DEV Community

Cover image for To be successful as a developer, you need be consistent
Michelle Mannering for GitHub

Posted on • Updated on

To be successful as a developer, you need be consistent

We recently had the pleasure of hosting Liyas Thomas, the Founder and Maintainer of Hoppscotch, on our Open Source Friday stream. Liyas gave us so many insights about being a developer, building a product, and learning to code. We wanted to share all his knowledge with you so no one misses out.

Consistency is the key

If there's something you want to do, and do well, you need to stick at it. Liyas says if you want to learn to code, you need to do it every day. If you want to build a cool product, service, or business, you need to do it every day. Want to be part of the open source community? Then you need to be constantly active.

Taking a look at Liyas' GitHub profile, we can see this is definitely true. Look at all those contributions! Also kudos to Liyas on his epic Readme PROFILE.

Liyas Thomas

While being consistent and always being active is one thing, you need to be consistent in the right manner. Let's take a look a couple of the top tips Liyas gave us when it comes to coding and open source. Remember, everything he is talking about below requires consistency.

Open Source is your ticket to coding

I've talked about it in a lot of my recent posts... and that's learning to code. It can often be scary. We've spoken about how to learn through Hacktoberfest, getting involved in open source for learning, as well as learning by streaming online. But what we haven't heard much about, is learning by simply starting a project from scratch.

Rather than jumping in on an existing open source project, you can learn to code by doing. That's exactly what Liyas did. Yes, he had experience with other languages. However, Liyas however decided to write Hoppscotch in Vue JS, simply because he wanted to learn Vue JS. Vue is a great language to write and you can grasp the concepts relatively quickly.

Jumping in and coding a new project simply because you want to learn the language seems like something insane. Liyas however said it's not. He believes building software should be a learning curve. And the community is here to help. He says the developer community is very knowledgeable and talented. You just need to ask. Liyas says people need to be not afraid - "Don't be ashamed about asking for help".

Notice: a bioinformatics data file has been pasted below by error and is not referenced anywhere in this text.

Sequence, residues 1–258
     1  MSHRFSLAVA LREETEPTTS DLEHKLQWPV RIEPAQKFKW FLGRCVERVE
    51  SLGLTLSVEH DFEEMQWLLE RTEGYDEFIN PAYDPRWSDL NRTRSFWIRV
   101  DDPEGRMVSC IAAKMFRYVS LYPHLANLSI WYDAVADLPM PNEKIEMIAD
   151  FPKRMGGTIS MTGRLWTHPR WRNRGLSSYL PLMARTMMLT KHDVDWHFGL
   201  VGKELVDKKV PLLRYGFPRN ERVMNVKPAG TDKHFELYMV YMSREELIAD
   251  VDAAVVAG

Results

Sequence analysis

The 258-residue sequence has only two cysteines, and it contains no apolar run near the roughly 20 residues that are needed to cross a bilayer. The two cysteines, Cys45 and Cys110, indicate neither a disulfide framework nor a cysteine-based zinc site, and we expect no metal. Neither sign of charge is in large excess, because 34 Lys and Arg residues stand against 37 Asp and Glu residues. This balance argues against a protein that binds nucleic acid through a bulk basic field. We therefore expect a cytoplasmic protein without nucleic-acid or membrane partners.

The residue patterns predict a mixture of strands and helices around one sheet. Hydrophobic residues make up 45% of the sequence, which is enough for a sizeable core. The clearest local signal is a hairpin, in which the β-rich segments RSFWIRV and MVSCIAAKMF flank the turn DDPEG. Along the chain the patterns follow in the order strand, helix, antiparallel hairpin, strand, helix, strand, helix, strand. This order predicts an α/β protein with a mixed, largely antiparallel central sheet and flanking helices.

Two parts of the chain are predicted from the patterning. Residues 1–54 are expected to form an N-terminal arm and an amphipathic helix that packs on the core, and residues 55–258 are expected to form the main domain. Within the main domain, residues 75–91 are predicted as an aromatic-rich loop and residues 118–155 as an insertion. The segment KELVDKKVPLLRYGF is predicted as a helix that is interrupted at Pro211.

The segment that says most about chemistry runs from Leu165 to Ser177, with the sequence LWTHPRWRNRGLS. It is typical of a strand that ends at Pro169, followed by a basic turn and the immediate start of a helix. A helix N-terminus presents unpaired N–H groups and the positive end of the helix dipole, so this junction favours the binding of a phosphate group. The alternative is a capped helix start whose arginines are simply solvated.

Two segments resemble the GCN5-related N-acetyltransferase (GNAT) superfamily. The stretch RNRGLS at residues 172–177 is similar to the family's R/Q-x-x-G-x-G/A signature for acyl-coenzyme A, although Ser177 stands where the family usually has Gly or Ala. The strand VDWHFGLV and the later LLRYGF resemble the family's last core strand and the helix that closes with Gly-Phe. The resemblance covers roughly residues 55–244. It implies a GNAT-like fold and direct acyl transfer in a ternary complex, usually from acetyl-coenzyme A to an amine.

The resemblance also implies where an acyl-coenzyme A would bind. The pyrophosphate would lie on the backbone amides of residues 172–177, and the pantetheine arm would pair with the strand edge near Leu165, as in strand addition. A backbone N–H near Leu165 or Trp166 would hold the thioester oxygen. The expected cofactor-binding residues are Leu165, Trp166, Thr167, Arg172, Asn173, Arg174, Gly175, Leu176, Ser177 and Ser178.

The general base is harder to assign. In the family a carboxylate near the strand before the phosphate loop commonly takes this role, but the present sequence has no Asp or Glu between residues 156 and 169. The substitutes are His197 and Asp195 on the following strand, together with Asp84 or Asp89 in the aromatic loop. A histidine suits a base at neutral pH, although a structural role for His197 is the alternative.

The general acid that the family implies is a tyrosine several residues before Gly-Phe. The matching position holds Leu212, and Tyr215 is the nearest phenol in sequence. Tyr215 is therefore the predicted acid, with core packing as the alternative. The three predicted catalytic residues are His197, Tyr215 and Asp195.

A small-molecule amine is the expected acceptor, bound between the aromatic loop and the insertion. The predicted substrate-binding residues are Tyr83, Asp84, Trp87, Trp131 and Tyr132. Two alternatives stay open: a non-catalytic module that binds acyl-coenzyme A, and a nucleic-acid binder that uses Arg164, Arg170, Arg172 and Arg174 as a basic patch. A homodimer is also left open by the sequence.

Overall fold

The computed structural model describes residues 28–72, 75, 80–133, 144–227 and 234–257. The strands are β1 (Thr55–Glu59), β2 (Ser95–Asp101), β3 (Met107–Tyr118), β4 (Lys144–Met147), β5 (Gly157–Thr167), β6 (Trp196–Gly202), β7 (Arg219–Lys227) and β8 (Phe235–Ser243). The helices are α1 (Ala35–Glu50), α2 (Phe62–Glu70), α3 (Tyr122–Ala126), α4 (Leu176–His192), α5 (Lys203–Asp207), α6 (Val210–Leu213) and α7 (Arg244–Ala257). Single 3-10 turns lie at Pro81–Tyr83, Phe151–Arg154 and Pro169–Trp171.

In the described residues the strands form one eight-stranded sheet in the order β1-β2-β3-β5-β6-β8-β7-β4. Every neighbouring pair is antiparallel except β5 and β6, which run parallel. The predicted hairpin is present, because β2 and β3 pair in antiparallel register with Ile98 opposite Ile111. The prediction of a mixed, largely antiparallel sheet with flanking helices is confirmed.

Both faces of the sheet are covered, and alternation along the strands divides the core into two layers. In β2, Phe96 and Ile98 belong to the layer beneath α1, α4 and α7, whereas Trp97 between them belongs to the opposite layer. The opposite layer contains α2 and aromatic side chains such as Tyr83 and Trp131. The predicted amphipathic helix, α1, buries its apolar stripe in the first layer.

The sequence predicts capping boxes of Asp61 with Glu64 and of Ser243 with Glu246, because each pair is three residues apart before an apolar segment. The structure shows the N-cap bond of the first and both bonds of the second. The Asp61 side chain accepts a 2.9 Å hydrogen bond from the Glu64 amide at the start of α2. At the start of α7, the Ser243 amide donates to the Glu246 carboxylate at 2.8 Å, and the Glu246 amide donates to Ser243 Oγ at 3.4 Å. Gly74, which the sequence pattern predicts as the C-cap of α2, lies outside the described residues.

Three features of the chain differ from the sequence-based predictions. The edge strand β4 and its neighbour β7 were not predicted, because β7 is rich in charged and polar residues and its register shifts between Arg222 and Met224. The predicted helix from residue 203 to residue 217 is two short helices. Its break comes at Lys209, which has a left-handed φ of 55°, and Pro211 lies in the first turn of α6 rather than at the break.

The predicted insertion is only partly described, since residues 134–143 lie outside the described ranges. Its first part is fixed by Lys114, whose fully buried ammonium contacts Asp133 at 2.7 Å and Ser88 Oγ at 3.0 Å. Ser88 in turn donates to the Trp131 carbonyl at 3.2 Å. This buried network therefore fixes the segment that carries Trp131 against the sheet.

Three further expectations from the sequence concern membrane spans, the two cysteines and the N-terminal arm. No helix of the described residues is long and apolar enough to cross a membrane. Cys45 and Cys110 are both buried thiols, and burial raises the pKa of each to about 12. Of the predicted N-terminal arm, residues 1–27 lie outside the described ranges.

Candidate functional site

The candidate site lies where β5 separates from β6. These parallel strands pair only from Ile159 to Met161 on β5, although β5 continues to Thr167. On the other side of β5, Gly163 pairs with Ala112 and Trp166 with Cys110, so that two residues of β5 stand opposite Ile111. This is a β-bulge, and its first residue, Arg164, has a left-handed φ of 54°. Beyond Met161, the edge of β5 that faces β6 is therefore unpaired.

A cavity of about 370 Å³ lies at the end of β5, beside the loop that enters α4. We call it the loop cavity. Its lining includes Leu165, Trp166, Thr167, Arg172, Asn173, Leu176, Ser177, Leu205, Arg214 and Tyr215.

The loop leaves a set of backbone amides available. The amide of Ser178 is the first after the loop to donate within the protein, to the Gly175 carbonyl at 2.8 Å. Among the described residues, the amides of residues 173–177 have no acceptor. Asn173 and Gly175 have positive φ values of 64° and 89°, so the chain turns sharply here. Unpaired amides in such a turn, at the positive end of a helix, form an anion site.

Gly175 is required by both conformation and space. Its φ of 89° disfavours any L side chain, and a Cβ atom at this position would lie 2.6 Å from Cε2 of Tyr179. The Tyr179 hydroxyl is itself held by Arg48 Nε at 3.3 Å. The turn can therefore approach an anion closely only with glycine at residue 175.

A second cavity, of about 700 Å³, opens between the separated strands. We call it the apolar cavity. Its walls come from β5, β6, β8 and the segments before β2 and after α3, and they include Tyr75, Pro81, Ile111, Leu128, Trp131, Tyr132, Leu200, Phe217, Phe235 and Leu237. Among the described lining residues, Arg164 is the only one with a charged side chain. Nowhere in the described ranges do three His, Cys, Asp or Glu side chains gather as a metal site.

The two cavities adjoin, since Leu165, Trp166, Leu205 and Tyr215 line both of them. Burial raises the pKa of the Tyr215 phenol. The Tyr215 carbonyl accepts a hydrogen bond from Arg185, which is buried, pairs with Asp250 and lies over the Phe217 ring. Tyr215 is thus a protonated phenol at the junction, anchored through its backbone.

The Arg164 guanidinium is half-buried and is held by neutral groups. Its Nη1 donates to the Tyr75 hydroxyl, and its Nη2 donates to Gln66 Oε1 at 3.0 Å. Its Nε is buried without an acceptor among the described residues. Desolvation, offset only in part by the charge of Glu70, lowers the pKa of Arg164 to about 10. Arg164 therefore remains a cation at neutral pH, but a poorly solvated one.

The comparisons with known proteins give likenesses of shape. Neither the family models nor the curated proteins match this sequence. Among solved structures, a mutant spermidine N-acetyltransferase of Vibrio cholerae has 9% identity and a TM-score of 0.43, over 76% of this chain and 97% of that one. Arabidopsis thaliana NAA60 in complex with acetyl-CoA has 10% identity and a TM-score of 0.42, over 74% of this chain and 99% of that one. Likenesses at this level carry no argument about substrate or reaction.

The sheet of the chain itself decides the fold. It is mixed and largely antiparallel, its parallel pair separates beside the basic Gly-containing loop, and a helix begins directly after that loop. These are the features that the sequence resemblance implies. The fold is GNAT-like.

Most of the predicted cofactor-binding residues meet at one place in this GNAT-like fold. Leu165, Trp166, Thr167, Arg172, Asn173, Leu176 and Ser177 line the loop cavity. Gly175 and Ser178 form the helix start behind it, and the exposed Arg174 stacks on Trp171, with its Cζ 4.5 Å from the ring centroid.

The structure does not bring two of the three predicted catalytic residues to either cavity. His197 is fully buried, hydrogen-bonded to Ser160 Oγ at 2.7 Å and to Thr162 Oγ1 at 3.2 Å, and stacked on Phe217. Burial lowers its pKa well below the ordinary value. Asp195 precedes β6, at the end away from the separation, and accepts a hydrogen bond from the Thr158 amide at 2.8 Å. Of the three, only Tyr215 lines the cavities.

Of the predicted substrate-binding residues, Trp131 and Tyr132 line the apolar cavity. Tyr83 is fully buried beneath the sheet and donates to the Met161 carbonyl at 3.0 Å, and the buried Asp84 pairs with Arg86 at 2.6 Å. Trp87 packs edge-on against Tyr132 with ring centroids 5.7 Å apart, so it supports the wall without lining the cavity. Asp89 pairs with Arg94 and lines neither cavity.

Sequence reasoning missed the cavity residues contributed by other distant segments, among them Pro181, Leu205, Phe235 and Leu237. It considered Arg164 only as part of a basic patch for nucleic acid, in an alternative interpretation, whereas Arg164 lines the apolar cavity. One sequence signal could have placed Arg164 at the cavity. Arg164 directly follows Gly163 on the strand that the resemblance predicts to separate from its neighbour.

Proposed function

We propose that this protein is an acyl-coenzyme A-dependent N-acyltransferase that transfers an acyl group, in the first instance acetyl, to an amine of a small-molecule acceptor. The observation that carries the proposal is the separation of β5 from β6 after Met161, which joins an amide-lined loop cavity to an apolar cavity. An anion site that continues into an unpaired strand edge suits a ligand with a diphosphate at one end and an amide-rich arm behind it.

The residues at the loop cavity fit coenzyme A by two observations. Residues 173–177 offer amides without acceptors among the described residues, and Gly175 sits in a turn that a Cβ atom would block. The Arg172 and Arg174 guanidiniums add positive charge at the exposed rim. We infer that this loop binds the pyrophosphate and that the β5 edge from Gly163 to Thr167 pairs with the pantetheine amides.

If you ask for help you will receive it. There's lots of developers, maintainers, and contributors who are here to help. That's how Liyas was able to build Hoppscotch into what it is today. Because he asked for help. And if you want to learn to code, then don't be ashamed to ask for help!

Promoting your open source project

Something super important, but many developers often forget, is promoting your work. Products and services are amazing. What we all build is awesome. However, even if you have the best product in the world, it's useless if no one knows about it.

Liyas gave us top tips on how to make your project successful. He says you need to promote, and "shamelessly self promote". If you don't promote your work, no one will know about it. He said find your audience, wherever they are, and show off your work. Communities like Subreddits, Discord Servers, news sites, and yes of course,!

And remember, Liyas says you need to be consistent. Every day, week, month... make sure you're posting and interacting with your community. That's the way to make your voice heard.

Join us for Open Source Friday

If you enjoyed this short write up, check out the video recording to hear Liyas in all his glory.

We'd also love you to join us live for these sessions. If you do, you'll can interact with other cool developers and ask questions to our guest speakers. Follow us on our GitHub Twitch Channel and join our Virtual Meetup Group we post all our live streams with information on which guests and projects will be appearing next.

Looking forward to seeing you in a live session. Good luck with your coding journey.

Top comments (6)

chrisgreening profile image
Chris Greening

Absolutely agree regarding just jumping in head first when trying to learn. The first program I ever wrote on my own was a 1000 line spaghetti code disaster in Python but I learned more in those three days then I did in an entire semester of sitting in lecture

shunjid profile image
Shunjid Rahman Showrov

He is exactly what he said. Liyas is constantly super active on GitHub. I had a contribution in his project as a part of my Hacktoberfest contribution this year. He is really really inspiring.

mishmanners profile image
Michelle Mannering

Yeah having time off definitely helps. Who knows what types of contributions are coming on weekends. They could be minor. But also remember startup founders often don't take time off either. If you want to be successful, sometimes you have to go all in at the start.

kirstenlund profile image
Kirsten Lund

I just saw on the Postwoman site "Postwoman is now Hoppscotch", so I'm curious how that fits in to the story of Hoppscotch...

mishmanners profile image
Michelle Mannering

Liyas briefly explains it in the interview. Watch the recording uploaded to YouTube.

kirstenlund profile image
Kirsten Lund

Cool thanks - I'll check it out!